Man-made, solid-surface countertops provide a consistent looking counter design. The pigments in this material travel all the way through the counter, so surfaces are completely renewable. Solid surface kitchen countertops are available in three types of finishes:

  • Matte/satin
  • Semi-gloss
  • High gloss

Solid-surface counters are also available in a wide array of colors and styles. Veins, color-flecks and solid colored counters are available to suit a number of different kitchen designs. Oftentimes the sink in a solid-surface counter will be integral to the rest of the counter as well.

Caring for Solid-Surfaces

Care of solid surface counters is easy and doesn't require special cleaning products. Soapy water, ammonia-based cleaners or commercially available cleaners designed for solid-surface counters remove dirt and residue from all three finishes.

Varying hues may require more frequent cleaning to maintain a uniform finish. Darker colors have a tendency to require more attention than lighter counters. If the counter becomes scratched, buff the scratches out with a scrubbing pad.

Solid-Surface Counter Pros

  • Solid-surface counters can be easily repaired if they become scratched.
  • Solid-surface materials are non-porous and don't promote bacteria growth.
  • Solid-surface surfaces require no special cleaners or sealers.

Solid-Surface Counter Cons

  • Solid-surface counters are expensive, costing roughly the same as a mid-range granite.
  • Solid-surface counters scratch, melt and burn; extreme care must be taken with knives and hot pots in the kitchen.

Engineered Stone Counters

Quartz counter

An attractive alternative to both natural stone and solid surface counters are engineered stone counters. Made of 90 percent quartz held together with a resin, these counters do not scratch, burn, melt or stain, making them virtually maintenance-free. Each manufacturer has its own color palette and characteristics with some appearing like granite, others like limestone and some with vivid, bold colors like orange or lime green.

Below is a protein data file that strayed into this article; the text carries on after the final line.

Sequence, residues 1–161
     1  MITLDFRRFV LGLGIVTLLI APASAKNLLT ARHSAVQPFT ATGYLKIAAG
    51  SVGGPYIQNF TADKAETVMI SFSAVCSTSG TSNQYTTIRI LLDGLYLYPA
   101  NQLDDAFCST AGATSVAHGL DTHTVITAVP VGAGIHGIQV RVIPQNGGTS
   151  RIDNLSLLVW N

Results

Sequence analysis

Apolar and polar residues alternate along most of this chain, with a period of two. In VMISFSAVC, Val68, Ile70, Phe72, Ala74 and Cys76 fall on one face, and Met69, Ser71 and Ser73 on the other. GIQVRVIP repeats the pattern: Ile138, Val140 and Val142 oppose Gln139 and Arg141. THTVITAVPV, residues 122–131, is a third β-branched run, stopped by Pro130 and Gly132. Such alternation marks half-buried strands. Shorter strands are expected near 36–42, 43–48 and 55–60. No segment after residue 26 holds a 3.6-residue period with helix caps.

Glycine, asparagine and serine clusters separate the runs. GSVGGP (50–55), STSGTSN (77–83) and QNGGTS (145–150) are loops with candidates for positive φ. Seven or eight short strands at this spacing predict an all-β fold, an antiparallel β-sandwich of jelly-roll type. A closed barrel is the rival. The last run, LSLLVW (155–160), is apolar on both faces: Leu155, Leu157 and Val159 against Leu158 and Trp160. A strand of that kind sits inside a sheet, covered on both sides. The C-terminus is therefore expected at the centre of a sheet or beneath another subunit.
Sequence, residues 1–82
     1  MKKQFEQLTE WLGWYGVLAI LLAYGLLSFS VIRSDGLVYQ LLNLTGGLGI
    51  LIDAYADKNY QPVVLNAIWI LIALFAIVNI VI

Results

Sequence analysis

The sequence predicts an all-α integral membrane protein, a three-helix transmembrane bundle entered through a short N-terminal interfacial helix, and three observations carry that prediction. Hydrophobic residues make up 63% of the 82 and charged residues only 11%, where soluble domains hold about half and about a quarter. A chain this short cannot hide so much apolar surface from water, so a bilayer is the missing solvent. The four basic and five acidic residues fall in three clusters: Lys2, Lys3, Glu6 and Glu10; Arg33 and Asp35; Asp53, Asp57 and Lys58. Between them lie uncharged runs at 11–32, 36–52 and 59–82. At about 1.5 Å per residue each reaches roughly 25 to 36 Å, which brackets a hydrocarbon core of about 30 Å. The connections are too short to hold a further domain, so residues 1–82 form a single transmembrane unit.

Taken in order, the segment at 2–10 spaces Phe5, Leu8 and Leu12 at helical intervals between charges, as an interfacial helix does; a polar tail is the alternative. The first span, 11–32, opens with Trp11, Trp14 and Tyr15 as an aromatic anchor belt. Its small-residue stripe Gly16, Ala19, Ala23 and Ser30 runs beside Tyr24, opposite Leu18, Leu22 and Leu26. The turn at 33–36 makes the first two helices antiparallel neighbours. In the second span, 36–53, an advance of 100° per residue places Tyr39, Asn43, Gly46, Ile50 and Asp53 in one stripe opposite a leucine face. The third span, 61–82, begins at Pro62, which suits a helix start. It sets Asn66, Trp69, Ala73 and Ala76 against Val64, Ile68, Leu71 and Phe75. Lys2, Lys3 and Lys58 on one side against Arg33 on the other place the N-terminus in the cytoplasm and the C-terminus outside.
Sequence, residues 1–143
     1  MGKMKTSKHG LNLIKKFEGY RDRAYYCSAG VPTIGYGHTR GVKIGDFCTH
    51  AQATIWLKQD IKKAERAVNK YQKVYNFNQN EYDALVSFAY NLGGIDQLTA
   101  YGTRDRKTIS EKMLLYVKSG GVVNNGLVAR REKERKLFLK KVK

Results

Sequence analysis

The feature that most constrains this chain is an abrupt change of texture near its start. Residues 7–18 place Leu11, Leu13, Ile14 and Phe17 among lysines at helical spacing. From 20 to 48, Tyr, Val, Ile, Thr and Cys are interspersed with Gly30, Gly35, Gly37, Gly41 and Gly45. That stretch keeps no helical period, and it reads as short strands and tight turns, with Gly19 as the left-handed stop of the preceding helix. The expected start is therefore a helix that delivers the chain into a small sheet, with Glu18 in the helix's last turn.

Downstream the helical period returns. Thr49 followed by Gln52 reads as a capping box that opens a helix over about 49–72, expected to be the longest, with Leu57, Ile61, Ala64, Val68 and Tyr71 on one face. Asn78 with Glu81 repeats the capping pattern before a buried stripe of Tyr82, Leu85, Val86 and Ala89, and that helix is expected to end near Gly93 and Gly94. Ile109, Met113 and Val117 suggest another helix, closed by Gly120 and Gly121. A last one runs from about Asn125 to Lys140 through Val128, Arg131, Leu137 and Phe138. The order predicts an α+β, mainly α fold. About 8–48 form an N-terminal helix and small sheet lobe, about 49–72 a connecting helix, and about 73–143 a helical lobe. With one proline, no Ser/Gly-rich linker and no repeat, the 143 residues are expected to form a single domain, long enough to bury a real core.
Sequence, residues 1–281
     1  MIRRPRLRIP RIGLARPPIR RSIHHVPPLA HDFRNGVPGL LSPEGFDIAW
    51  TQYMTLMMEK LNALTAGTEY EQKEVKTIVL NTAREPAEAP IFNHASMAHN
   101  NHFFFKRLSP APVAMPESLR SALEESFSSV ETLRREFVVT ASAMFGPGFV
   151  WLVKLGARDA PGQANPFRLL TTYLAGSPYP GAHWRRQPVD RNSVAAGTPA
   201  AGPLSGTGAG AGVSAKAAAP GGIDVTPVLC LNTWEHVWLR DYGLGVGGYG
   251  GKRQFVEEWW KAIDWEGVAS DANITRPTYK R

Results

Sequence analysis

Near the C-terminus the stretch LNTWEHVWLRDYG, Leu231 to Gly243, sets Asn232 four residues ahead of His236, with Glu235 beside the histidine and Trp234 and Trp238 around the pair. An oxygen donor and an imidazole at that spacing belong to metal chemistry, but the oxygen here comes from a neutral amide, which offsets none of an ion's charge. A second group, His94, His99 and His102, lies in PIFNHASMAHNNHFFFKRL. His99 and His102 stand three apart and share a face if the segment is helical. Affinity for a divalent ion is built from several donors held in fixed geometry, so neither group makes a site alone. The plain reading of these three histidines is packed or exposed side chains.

Engineered Stone Maintenance

Engineered stone counters are virtually maintenance-free. They require no special products or care, but some of the more solid colors may show water spots if a spill is allowed to dry on them.

Engineered Stone Counter Pros

  • Engineered stone counters require no sealers, special cleaners and only need minimal routine maintenance.
  • Engineered stone has the ability to mimic the look of natural stone or concrete.
  • Engineered stone is available in several unusual colors not offered by other materials.

Engineered Stone Cons

  • Engineered stone is quite expensive, costing about the same as a mid- to high-range granite.

Tile Counters

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Ceramic tile is a popular, economical kitchen countertop option. Lots of types of tile are suitable for countertop use, which provides an array of different colors and patterns to choose from. Speak to a tile contractor about customizing a tile countertop for your home.

Tile Maintenance

All tile countertops require grout, which will require sealing on a regular basis to help impede staining. The tile itself may be high or low maintenance depending on what material is used. Stone tiles will require more care than porcelain or ceramic tiles.

Tile Counter Pros

  • If installed by the homeowner, tile counters can be inexpensive depending on the materials used. However, professional installation may cost more than other types of counters.
  • Tile counters can be installed by most DIY homeowners.
  • Tile counters can be customized in nearly any color or pattern to suit the rest of the kitchen design.

Tile Counter Cons

  • Tile counters contain a lot of grout, which may stain, chip or crack.
  • Some types of tile may stain, scratch or require additional maintenance when used on a counter.

Choosing the Right Countertop

When considering your kitchen remodeling costs, you have more countertop choices than ever to choose from. Weigh the pros and cons of each counter material as you make your choice. Consider the look, cost and maintenance of your counter selection before purchasing.

Remember that a good countertop is an investment that can last for the life of the kitchen. Make your decision carefully and take home samples of the various materials to view in your kitchen before making a commitment. In the end, your new countertop will set the scene for a beautiful new kitchen design.

Choosing the Right Kitchen Countertop